Not really. I'm sure they're not talking about people who download a few ISO files every now and again. More then likley they are talking about people who are moving 100's of gigs a week, both up and downstream.

This would never fly with me though, because I use my internet connections as a global network, mounting ftp shares from all over on whatever machinie I use. I move so much data through the internet, most of my connections are maxed out moving files up and down 24/7. So, I'm really hoping this doesn't catch on.

January 17th, 2008, 11:16 PM
That's a huge set back. You do know by normal usage they mean 10-20 gigs a month. Going over that will cost money.

It's just a way for them to make more money.

January 18th, 2008, 04:09 AM
Great, more ridiculous stuff from ISPs. Might as well forget about seeding Linux torrents, and forget about streaming music. This is just stupid. What if you go over into the next price bracket by a few MB? You have to pay a whole bunch more because you went over a few MB?! I like my flat fees. I hope this fails miserably.

January 18th, 2008, 04:20 AM
Dear God, this could kill Linux right in it's tracks!

Yeah right, Ubuntu is not even 700MB in size (I download more then that in torrents every day) and you might do it once every two years. In the end practices like this will hurt someone like me the most.

January 18th, 2008, 04:35 AM
I'm glad I live in Japan, high speed internet access is seen as a utility just like water. Some days my transfers are in the TB's, the new scheme would bankrupt me in days!

January 18th, 2008, 04:38 AM
Yeah right, Ubuntu is not even 700MB in size (I download more then that in torrents every day) and you might do it once every two years. In the end practices like this will hurt someone like me the most.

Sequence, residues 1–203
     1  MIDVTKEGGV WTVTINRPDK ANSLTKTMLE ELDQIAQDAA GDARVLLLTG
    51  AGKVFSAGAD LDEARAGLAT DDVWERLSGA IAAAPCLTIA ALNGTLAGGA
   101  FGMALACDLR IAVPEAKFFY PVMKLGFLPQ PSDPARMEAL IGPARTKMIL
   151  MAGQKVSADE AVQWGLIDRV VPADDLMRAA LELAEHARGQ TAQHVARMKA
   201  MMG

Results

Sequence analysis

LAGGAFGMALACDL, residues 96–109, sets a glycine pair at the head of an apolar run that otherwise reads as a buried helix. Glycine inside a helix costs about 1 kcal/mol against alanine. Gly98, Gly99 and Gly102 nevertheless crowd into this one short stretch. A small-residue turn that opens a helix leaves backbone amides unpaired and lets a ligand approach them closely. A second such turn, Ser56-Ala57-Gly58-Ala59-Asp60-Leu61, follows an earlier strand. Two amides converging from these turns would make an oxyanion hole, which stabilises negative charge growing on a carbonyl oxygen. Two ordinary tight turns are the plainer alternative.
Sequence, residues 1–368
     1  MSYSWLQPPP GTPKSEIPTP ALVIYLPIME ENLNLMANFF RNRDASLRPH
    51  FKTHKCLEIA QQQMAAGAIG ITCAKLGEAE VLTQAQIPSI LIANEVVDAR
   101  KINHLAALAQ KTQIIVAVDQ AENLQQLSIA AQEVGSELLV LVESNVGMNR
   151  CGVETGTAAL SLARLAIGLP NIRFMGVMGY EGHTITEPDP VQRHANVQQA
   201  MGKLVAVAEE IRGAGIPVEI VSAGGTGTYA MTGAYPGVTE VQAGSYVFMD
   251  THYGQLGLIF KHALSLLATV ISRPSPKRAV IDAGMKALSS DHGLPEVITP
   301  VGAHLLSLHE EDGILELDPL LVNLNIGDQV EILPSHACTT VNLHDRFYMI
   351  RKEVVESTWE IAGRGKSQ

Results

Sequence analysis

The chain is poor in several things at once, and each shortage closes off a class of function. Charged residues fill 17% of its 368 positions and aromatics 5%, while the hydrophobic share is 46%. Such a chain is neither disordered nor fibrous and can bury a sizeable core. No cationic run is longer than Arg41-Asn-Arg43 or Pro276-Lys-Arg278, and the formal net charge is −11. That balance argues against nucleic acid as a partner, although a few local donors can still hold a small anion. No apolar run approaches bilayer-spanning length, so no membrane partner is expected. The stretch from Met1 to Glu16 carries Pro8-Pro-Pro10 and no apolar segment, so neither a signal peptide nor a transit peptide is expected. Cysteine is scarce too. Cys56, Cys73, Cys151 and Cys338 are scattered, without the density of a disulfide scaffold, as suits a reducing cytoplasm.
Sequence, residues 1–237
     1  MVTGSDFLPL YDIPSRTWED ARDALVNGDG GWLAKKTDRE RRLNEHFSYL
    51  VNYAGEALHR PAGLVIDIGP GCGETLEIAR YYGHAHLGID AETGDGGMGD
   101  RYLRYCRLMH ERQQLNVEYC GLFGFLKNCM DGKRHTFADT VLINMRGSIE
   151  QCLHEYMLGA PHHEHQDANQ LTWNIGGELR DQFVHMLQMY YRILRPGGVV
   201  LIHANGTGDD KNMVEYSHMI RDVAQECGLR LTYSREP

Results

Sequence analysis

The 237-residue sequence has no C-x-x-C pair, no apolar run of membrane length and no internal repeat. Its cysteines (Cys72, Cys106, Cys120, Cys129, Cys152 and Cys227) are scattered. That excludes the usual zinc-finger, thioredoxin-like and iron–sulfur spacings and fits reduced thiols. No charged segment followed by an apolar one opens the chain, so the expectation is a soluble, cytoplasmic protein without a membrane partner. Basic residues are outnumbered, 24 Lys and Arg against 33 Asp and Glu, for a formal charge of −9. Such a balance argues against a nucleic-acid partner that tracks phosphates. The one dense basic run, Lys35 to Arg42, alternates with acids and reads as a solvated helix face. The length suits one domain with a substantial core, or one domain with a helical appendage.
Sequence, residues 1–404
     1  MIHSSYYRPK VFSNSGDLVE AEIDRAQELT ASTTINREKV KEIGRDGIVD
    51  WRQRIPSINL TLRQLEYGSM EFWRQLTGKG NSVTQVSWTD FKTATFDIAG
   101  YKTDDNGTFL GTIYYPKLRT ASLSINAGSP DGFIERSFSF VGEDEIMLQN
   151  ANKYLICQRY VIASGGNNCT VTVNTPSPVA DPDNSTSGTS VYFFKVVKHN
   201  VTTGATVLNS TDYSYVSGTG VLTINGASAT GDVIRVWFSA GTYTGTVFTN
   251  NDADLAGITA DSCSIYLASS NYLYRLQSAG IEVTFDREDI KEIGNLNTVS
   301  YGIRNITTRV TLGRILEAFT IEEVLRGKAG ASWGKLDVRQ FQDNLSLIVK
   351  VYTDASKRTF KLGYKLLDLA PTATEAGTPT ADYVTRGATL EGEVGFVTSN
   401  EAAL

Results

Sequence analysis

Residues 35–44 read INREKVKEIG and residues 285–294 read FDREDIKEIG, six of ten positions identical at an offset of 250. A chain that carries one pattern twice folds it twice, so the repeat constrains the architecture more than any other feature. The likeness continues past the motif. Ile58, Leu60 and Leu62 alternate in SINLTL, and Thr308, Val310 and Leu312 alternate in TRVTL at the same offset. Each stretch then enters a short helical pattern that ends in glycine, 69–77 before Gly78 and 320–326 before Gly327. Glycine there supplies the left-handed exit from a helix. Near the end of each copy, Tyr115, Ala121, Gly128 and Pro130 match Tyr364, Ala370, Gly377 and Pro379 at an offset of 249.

today my torrent usage is 15gb down, 10gb up

and this was a slowday, i couldnt sfford their service price, and i use their service, all their users should complain about this to them, i know i already sent a flaming letter

January 18th, 2008, 05:54 AM
This would put a damper on Netflix and Apple tv with streaming movies thats for sure.

January 18th, 2008, 06:11 AM
and youtube and other download services

somehow i think that if this got out of hand, companies like google, apple and netflix would step in, cause isp plans like this would ruin their business

January 18th, 2008, 07:02 AM

I don't understand how narrow-minded is this. It's like going back to dial-up times. Now that so many wonderful things are happening to the web (with of course bigger requirements for bandwidth), some companies do these things.

Instead of serving the needs of their customers by making investments in new network capacities, they go for the cheap solution of course (and immoral for me).

Just plain stupid!

January 18th, 2008, 08:11 AM
As long as mankind allows itself to be manipulated and controlled, leaders will continue to take advantage of and manipulate them. This is just a mini-leader exerting its own form of control.

Amazing- greed just never quits...